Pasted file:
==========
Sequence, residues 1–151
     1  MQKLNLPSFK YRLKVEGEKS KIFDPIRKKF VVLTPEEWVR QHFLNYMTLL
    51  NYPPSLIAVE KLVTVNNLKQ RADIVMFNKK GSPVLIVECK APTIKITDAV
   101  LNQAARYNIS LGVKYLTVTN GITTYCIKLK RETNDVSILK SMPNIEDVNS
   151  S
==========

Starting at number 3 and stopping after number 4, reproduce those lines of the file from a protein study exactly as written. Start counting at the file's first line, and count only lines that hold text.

    51  NYPPSLIAVE KLVTVNNLKQ RADIVMFNKK GSPVLIVECK APTIKITDAV
   101  LNQAARYNIS LGVKYLTVTN GITTYCIKLK RETNDVSILK SMPNIEDVNS